Repealing Obamacare: How to be heard by Congress

Things are moving quickly on repealing Obamacare. Make sure Congress knows where you stand on repeal and replace.

Originally I was going to write a self-reflective post this week about how I’m managing my emotions after the election. But things are moving too quickly on repealing Obamacare for that.

Yesterday, the Senate passed a budget resolution which was the first step in the Obamacare repeal process. Today, the House voted to do the same.

No time for navel gazing. Time to take action.

Time to let my members of Congress (MOC) know where I stand on repealing and replacing Obamacare, aka the Affordable Care Act (ACA).

I urge you to do that same. Here’s how.

Call your congressperson and senators!

[1] Find out who represents you in Congress.

Continue reading “Repealing Obamacare: How to be heard by Congress”

Obamacare: Looking ahead and not liking what I see

We are barely into the first week of 2017 and The New Unified Republican Government™ has Obamacare in its crosshairs.

We are barely through the first week of 2017 and The New Unified Republican Government™ has Obamacare in its crosshairs.

I’m not going to pretend that the Affordable Care Act (also known as Obamacare) is without its problems. The very first problem is the “affordable” part. For some, that hasn’t turn out to be the case. Higher premiums were announced last fall, just before the presidential election. Some health insurance companies have opted out of the exchanges, reducing options for coverage.

But Obmacare has yielded some good results, particularly when it comes to access to healthcare.

Continue reading “Obamacare: Looking ahead and not liking what I see”

When a Person with Diabetes Shouts in the Forest…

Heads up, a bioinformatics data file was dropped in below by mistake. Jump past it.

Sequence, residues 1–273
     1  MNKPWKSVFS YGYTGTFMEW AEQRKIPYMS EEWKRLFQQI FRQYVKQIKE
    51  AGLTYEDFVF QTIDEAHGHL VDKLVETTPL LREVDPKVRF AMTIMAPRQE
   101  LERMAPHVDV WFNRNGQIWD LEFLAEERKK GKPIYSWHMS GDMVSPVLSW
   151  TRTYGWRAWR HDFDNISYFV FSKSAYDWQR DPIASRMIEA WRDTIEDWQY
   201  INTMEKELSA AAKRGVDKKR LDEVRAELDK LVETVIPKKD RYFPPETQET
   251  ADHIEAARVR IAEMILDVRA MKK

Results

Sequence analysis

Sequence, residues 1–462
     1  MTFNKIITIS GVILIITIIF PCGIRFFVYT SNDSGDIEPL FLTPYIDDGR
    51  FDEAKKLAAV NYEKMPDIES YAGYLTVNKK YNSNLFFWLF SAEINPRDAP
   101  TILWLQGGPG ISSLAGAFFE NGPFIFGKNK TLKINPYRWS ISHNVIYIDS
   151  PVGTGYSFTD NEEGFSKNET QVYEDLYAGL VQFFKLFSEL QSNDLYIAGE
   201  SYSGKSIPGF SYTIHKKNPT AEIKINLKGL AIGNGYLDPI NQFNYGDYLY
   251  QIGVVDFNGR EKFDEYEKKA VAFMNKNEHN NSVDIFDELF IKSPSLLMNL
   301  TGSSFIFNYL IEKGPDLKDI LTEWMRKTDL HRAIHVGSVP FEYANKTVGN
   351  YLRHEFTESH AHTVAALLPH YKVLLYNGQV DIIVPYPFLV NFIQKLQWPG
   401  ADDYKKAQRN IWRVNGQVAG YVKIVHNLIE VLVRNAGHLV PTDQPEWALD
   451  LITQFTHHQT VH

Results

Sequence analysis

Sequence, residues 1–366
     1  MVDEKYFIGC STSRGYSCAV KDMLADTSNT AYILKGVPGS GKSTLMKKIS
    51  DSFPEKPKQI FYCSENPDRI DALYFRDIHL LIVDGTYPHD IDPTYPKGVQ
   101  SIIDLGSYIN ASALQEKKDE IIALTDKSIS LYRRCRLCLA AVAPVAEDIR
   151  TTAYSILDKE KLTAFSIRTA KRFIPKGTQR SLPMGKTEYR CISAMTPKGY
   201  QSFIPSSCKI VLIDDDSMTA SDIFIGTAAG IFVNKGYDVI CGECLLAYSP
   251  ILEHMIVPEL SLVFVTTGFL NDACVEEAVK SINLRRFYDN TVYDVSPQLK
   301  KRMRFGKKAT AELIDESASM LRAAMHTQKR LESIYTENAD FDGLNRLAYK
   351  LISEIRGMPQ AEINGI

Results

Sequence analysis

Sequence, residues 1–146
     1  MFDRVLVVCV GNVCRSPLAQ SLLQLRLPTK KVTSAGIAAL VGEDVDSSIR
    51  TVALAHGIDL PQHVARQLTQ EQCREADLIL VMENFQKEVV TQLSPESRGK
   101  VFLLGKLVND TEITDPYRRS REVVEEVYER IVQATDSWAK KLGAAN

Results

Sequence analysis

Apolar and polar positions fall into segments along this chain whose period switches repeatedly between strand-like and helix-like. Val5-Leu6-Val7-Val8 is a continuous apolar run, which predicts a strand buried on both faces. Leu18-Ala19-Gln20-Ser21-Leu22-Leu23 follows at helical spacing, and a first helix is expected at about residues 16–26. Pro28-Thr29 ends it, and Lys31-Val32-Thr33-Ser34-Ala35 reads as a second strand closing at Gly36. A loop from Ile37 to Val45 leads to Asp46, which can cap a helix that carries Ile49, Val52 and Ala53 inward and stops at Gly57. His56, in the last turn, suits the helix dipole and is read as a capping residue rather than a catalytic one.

I spent time in the office. I played Ingress and walked 8KM in the process. My BG ran a little high and I didn’t obsess about it. I attended the DiabetesMine Innovation Summit and caused a ruckus.

…does anybody hear?

Heading home after a week in California.

I spent time in the office. I played Ingress and walked 8KM in the process. My BG ran a little high and I didn’t obsess about it. I attended the DiabetesMine Innovation Summit and caused a ruckus.

“You know what? I don’t give a s### about your balance sheet.” That’s the moment when everything changed. In the room and in my head. Whether I realized it or not my heart was already there.

It was during the payers (health insurance companies) panel. I stood up and yelled this out to the panel.

The reps, some with a medical background, were talking about how expensive chronic illness is. As if we, people living with diabetes, didn’t know this fact. The payers panel pointed out that the accelerating cost of  healthcare is unsustainable. As if we didn’t realize this every time we look at our personal bank accounts.

“I don’t see anybody up there (on the panel), except for the lady from Arkansas (Health Exchange), talking about patients.” I could feel the blood rushing to my face. I took a deep breath. I tried to calm down.

The tension in the room had been building.

Once again the patient was being scolded by the healthcare establishment. Do you take care of your diabetes? Do you know how expensive pumps are especially if you change them every couple of years? And with ACA the rules are changing and the future is even more uncertain.

The audience sat shifting around in their seats uncomfortably. The all too common questions rattling around it their heads. Aren’t these the companies who are supposed to help us get the care we need? Don’t they understand that we want the latest therapies and medical technology, not because it’s the latest and the greatest, but because it’s our only hope for a healthier life? We want to avoid those expensive complications. Without the illusive cure, access to the most current therapies is our only hope. We are putting our trust in the medical establishment and the healthcare insurance companies.

More than that. We’re putting our very lives in their hands.

I took another deep breath in an attempt to calm down. That was the point @SweetlyVoiced spoke up to tell her story. She let the panel know that even though they say their companies want to “get patients the care they need” that’s not what we patients are experiencing.

It was called the “Patients’ Voice Summit.” Sometimes, to be heard you got to raise your voice — even if it feels uncomfortable for everybody in the room.


DISCLOSURE: The folks at the DiabetesMine invited me to attend the 2013 DiabetesMine Innovation Summit as a winner of the Patient Voices Contest. They paid for my airfare, hotel, and meals while at the summit.